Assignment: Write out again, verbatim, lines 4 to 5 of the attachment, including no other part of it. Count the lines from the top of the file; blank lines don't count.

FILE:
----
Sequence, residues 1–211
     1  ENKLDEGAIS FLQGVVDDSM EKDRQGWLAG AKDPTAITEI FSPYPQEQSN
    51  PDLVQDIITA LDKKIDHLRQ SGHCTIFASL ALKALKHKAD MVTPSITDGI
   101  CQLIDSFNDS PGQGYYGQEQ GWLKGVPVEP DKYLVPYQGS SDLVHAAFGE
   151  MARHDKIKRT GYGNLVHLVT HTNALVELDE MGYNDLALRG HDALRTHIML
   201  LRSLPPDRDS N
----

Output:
   101  CQLIDSFNDS PGQGYYGQEQ GWLKGVPVEP DKYLVPYQGS SDLVHAAFGE
   151  MARHDKIKRT GYGNLVHLVT HTNALVELDE MGYNDLALRG HDALRTHIML